* He has paid the debt of nature as well as the poet. The following is from an American paper, the date of which I have unfortunately missed:—

“At the Mohawk village, near Brantford, John Brant, Esq., chief of the Mohawk tribe of Indians, and son of the gallant chieftain who distinguished himself so nobly in the revolutionary and late wars. Mr. Brant was an ac-

This incident was, upon the whole, a singular and touching event in the poet’s life.

In the letter which he wrote to Brant, and published, he says that he “took the liberty of a versifier to run away from fact into fancy, like a schoolboy who never dreams that he is a truant when he rambles on a holiday from school. It seems, however, that I falsely represented Wyoming”—(Campbell alludes here to the Canadian newspapers)—“as a terrestrial paradise. It was not so, say the Canadian papers, because it contained a great number of Tories; and, undoubtedly, that cause goes far to account for the fact. Earthly paradises, however, are not lasting things, and Tempe and Arcadia may have their drawbacks on happiness as well as Wyoming. I must, nevertheless, still believe, that it was a flourishing colony, and that its destruction furnished a just warning to human beings against war and revenge. But the whole catastrophe is affirmed in a Canadian newspaper to have been nothing more than a fair battle. If this be the fact, let accredited signatures come forward to attest it, and vindicate the innocence and honourableness of the whole transaction, as your father’s character has

complished gentleman, and died sincerely regretted by a numerous circle of acquaintances of the first respectability.”

been vindicated. An error about him by no means proves the whole account of the business to be a fiction. Who would not wish its atrocity to be disproved! But who can think it disproved by a single defender, who writes anonymously and without definable weight or authority?”

There was a note subjoined to the letter thus addressed to Brant, which slightly noticed his own feelings about hostile criticism, and the submission of his work to the censorship of friends. I believe,—from something like the best part of thirty years’ closer intimacy with Campbell, for the best part of that time, than any other man,—I believe that what he states is strictly correct. Except in early life, when he submitted to the kind advice and critical judgment of Dr. Anderson the manuscript copy of the “Pleasures of Hope,” he consulted nobody in the composition of his poems. In solitude and silence he conceived and composed them. He was a proud man in this sense; he would have thought it an insult to his own understanding to consult this individual or that, who might be among his friends, and to take their judgment in preference to his own, after his former efforts had been crowned with great success. He might have read the manuscript to a friend or two before he put it into the printer’s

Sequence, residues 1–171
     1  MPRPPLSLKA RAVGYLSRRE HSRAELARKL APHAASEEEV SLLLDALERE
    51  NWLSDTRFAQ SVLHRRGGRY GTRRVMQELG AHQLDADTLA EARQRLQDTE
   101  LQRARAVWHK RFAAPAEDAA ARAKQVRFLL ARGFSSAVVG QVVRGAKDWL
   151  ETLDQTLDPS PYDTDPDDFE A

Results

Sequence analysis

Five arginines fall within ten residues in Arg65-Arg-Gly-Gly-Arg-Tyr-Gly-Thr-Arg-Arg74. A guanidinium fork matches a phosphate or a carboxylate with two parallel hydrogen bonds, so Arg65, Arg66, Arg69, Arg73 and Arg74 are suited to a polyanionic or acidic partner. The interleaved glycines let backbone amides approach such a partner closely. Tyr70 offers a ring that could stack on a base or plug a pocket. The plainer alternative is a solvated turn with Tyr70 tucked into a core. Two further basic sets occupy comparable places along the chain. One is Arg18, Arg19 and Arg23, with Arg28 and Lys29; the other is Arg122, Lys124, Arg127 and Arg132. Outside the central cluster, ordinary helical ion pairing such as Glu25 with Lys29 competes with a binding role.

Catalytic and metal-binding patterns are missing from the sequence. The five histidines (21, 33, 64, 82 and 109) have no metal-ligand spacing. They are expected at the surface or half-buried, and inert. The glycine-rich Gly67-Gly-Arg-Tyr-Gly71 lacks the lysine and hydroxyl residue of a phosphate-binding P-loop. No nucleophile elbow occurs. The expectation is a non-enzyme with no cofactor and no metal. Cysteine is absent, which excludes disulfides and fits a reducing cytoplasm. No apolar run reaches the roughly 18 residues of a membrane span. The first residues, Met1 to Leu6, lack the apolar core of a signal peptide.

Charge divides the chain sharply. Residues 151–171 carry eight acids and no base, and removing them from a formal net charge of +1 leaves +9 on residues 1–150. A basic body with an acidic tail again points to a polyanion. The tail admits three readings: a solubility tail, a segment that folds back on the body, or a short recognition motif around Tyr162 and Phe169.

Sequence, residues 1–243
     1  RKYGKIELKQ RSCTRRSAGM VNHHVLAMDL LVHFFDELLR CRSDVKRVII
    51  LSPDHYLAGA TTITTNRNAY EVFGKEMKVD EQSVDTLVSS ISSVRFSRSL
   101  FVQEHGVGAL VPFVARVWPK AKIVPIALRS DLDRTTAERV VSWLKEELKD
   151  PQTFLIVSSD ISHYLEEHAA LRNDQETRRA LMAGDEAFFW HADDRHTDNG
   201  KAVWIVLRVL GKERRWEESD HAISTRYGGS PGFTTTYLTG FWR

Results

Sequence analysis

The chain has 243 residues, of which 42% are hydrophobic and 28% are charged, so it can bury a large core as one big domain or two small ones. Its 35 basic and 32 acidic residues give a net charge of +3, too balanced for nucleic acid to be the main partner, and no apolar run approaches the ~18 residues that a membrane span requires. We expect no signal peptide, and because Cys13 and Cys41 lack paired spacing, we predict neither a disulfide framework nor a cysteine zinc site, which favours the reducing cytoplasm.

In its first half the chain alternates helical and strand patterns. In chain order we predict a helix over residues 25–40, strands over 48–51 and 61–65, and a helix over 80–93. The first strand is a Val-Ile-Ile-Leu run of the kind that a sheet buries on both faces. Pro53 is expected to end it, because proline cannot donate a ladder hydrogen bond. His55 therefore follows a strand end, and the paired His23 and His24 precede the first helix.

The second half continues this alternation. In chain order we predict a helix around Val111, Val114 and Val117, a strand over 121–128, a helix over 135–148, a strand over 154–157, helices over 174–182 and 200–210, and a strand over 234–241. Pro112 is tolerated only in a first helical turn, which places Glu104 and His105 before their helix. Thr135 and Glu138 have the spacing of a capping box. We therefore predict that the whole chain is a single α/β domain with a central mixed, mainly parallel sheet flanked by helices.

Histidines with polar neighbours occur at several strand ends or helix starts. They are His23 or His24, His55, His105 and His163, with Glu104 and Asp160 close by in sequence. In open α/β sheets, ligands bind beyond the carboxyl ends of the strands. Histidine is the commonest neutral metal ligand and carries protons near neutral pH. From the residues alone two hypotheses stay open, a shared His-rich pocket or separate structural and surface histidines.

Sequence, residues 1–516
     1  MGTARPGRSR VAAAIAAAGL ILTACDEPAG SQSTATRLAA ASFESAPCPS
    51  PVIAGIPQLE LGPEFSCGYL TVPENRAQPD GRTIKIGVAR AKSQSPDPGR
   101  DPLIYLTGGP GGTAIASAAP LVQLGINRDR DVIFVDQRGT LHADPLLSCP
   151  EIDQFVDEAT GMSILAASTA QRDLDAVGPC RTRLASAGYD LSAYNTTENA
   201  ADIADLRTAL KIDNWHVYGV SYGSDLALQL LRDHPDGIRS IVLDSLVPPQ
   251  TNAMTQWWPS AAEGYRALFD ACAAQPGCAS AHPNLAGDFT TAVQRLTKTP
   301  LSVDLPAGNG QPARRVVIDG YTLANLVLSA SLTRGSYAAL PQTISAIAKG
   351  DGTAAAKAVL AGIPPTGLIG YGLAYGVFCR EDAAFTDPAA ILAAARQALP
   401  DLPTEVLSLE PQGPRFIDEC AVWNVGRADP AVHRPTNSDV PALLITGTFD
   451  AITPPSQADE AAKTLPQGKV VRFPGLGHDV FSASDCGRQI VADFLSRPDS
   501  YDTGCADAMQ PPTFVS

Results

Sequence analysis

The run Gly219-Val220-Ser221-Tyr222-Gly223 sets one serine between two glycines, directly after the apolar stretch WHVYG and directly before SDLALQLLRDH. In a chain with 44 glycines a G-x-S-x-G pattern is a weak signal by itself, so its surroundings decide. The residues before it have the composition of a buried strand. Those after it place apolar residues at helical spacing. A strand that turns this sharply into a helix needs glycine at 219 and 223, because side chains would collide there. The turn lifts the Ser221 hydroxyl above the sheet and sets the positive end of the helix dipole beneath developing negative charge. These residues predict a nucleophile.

hand, but only when it was perfected. The world has a notion, that a different is a wise course, because in these matters the world is as foolish as its own idea. Who are the critics of the hour, but men nine times out of ten utterly incapable of themselves exhibiting a tithe of the merit upon which they assume to sit in judgment? If
Racine read his verses to an old woman, it was only that he might avail himself of obvious objections that would strike plain minds before a theatrical audience, and afford him the means of considering those meriting alteration. Such is the corruption of what is miscalled criticism in modern times, that interest, party feeling, private dislike, or the reverse, govern notices of new works, since criticisms they cannot be called, where no analysation of such works takes place—where the critic, self-styled, rarely gives the work he treats upon even a decent perusal.

Campbell says, I have no doubt with the most perfect truth,—“Nor did I ever lean on the taste of others with that miserable distrust of my own judgment which the anecdote conveys,” referring to a statement from which Washington Irving, in a biographical notice prefixed to an American edition of “Gertrude of Wyoming,” infers that he did. In regard to criticism, he was too proud to exhibit what he felt, though “as far as authors
generally are from bowing to the justice of hostile criticism,” to use his own words.

Still Campbell could not forgive any who made a blow at him, where the result would not admit of being interpreted but to his disadvantage. He felt, then, that he had the worst of the matter at issue, the criticism being no party or personal matter, and that he was, in consequence, so far injured. This it must be confessed he never forgot. He did not care what spleen or party feeling or malevolence might do; these unjust attacks his own position and consciousness of merit might repel, but real justice in an attack struck home, and he never got over his antipathy to its author.

Hazlitt had justice on his side, when he said of Campbell, that though he loved popularity, self-respect was the primary law—the condition on which it was to be obtained. He never tolerated the remarks made by this writer, although it cannot be denied that Hazlitt has commended his poetry in the highest terms; he has given the poet all but boundless praise. “Campbell,” he says “excels chiefly in sentiment and imagery. The story moves slow, and is mechanically conducted, and rather resembles a Scotch canal carried over lengthened aqueducts, and with a number of locks in it, than one of those rivers